Groups Seek to Bump CCPA Enforcement Date Amid Coronavirus Confusion
As with many things currently, details of the California Consumer Privacy Act are unclear. That, plus confusion around COVID-19, has many interest groups hoping enforcement around the law is postponed.
A coalition of trade groups are urging California's Attorney General to bump back the California Consumer Privacy Act's (CCPA) July 1 enforcement date another six months, to 2021, in light of the COVID-19 pandemic.
The outbreak has upended life across the world and led to uncertainty. For advertisers, and assuredly other organizations that process data, its disrupted plans to guarantee compliance with the law.
In a letter to the AG earlier this month, The Association of National Advertisers (ANA) and 33 other groups, including those representing the interests of credit unions, insurance companies, amusement parks, magazines, and financial services companies, to name a few industries, said that COVID-19 has "encumbered businesses in their earnest efforts to operationalize the draft rules prior to July 1, 2020” and that enforcement around CCPA should be delayed until January 1, 2021.
Those plans have been almost certainly been complicated by the fact that the rulemaking process for the CCPA hasn't been finalized yet. California's Attorney General Xavier Becerra is still mulling over whether modifications should be made to the proposed regulations.
It's not the first time the ANA and other industry groups have pressed Becerra to postpone enforcement of the CCPA. The groups warned back in January that it'd be difficult for companies to effectively implement the regulations without the rules being clarified further. At the time, the groups suggested that the law not be enforceable until six months after the final rules are released, rather than in July.
The trade groups are now insisting that by and large, businesses won't have the capacity or time to align their plans with the CCPA's final regulatory requirements whenever they’re ready.
“Creating procedures and processes to comply with a law like the CCPA takes time, testing, and significant planning and foresight,” the letter reads, “Even in the most favorable of circumstances, presuming that companies will be able to achieve full compliance with brand-new substantive obligations within mere months of those obligations becoming final is an unrealistic and daunting expectation.”
The groups are pointing out that language in the CCPA says the AG cannot bring an enforcement action until six months after the legislation goes into effect - January 1, 2020 - but that there’s isn’t any language in the law that says Becerra can’t delay it further.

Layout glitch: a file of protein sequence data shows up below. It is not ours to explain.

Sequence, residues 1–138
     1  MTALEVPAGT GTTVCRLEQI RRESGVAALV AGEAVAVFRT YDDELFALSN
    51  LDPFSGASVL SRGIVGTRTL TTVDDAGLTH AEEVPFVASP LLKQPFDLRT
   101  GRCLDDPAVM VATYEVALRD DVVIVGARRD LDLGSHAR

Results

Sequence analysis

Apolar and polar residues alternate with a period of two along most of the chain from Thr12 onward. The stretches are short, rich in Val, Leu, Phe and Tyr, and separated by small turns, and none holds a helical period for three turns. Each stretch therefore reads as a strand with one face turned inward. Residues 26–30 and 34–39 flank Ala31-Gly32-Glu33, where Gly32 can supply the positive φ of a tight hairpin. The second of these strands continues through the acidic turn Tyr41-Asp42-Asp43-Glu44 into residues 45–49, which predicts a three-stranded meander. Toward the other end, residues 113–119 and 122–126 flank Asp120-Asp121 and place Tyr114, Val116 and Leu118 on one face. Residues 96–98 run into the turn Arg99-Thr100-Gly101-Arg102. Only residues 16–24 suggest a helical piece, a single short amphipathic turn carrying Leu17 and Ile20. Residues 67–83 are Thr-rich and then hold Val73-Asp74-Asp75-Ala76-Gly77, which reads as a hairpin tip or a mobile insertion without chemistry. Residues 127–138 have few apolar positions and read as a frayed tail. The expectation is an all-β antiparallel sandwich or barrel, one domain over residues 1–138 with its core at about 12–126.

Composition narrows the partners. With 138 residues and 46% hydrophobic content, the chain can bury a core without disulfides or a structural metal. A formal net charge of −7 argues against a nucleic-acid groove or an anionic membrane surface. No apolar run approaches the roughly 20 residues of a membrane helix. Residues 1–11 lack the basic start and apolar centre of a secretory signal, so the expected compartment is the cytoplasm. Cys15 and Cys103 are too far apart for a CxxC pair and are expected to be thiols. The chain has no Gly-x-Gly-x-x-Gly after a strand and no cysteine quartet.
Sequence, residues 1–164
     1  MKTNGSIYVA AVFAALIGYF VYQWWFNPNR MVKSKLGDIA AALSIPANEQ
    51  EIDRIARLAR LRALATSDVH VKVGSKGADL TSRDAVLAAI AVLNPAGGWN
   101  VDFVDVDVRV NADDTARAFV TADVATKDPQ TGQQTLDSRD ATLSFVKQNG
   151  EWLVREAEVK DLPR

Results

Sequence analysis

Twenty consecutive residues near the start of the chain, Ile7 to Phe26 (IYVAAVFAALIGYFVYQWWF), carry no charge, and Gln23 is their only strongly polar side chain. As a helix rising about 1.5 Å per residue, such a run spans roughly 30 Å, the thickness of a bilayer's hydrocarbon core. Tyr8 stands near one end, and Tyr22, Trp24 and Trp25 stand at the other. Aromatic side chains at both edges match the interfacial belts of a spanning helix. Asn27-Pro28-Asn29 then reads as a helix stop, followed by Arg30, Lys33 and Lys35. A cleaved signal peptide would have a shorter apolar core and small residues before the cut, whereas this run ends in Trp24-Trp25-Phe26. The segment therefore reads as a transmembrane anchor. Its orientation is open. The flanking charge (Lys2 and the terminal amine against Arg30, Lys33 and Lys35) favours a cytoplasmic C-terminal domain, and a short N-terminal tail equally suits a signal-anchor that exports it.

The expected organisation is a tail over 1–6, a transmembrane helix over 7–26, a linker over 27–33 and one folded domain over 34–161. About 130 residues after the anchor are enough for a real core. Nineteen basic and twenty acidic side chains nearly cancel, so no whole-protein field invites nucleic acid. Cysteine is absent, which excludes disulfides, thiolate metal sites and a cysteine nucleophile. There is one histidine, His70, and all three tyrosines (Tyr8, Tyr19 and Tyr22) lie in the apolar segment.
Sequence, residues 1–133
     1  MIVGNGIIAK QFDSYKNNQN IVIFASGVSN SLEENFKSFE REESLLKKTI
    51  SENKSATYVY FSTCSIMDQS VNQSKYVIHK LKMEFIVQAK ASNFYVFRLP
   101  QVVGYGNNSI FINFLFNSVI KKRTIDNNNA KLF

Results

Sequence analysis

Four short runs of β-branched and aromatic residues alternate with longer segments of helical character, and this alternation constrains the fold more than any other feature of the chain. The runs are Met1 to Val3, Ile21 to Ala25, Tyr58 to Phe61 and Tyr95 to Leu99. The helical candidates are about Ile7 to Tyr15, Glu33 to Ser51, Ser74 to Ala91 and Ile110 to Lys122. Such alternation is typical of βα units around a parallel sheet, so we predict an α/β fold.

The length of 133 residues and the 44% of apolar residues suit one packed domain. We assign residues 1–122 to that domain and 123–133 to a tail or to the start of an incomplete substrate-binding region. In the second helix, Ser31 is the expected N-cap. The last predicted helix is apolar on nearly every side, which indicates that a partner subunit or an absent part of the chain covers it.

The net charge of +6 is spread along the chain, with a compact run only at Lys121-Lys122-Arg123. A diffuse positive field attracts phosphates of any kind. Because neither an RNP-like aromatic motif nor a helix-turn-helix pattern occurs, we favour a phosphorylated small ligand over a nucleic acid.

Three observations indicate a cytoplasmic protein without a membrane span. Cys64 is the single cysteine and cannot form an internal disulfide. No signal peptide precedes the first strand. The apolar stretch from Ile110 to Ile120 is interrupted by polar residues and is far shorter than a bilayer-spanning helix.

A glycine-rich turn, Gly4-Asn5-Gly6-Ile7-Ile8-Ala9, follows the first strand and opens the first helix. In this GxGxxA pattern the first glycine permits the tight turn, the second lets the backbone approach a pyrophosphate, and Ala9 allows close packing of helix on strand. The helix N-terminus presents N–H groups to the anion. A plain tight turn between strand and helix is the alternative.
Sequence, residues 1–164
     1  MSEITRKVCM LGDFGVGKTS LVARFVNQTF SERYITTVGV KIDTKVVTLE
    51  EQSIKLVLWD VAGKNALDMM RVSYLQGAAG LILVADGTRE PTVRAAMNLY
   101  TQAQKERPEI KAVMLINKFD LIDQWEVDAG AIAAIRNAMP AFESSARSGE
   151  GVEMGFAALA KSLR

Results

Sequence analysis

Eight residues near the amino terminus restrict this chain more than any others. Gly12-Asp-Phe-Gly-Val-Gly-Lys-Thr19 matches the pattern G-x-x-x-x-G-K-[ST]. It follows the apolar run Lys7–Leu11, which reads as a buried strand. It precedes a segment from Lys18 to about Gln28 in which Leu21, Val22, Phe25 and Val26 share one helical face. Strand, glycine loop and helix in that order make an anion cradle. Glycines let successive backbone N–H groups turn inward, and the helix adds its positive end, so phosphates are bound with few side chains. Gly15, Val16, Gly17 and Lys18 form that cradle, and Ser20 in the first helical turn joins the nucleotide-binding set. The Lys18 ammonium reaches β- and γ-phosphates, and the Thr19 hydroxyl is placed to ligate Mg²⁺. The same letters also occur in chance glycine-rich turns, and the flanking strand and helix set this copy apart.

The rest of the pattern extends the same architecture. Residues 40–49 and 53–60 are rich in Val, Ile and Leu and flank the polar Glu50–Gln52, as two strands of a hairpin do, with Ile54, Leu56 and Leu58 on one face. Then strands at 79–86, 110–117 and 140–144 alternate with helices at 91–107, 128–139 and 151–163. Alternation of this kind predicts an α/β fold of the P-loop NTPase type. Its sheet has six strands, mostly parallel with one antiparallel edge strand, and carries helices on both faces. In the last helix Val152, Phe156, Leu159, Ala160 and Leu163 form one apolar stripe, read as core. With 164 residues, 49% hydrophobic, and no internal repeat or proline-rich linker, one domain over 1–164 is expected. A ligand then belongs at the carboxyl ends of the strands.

Advocacy groups, like the advocacy arm of Consumer Reports, are urging the AG to do the opposite and uphold the current CCPA enforcement date, acknowledging that many businesses have had a year to prepare for complying with the essentials of CCPA.
It seems as if ANA’s letter was partially spurred by a second set of modifications to the proposed rules issued by the AG earlier this month. Those modifications, issued on March 11, made a few minor tweaks to the CCPA, including how it views "personal information" and "financial incentive" and other CCPA intangibles.
The "personal information" modification erased guidance that said if a business collects IP addresses but doesn't link them to consumers, they wouldn't be considered personal information. The CCPA still applies to data that “could be reasonably linked, directly or indirectly, with a particular consumer or household.”
The "financial incentive" modification expands the definition of the CCPA's non-discrimination provision, making it so any business, program, benefit, or other offering can't prohibit financial incentives, price, or service differences if a consumer has exercised their CCPA rights.
The second set of of the Modified Regulations - technically the third version - also nixed the "Do Not Sell My Personal Information" button, said a business can't disclose a consumer's sensitive personal data in response to a request to know, and said businesses need to ask consumers requesting to delete their data if they want to opt-out of the sale of their personal information as well.
The deadline to submit written comments on the second set of modifications elapsed on Friday, meaning the AG's office is likely reviewing them currently for a not too distant future release. Every release has had a series of edits and revisions and it's safe to assume the next iteration will too
Still, while it's unclear whether the CA AG office will honor the request made by the trade associations, one thing is almost certain: The CCPA will be in a different shape this time next month than it is today.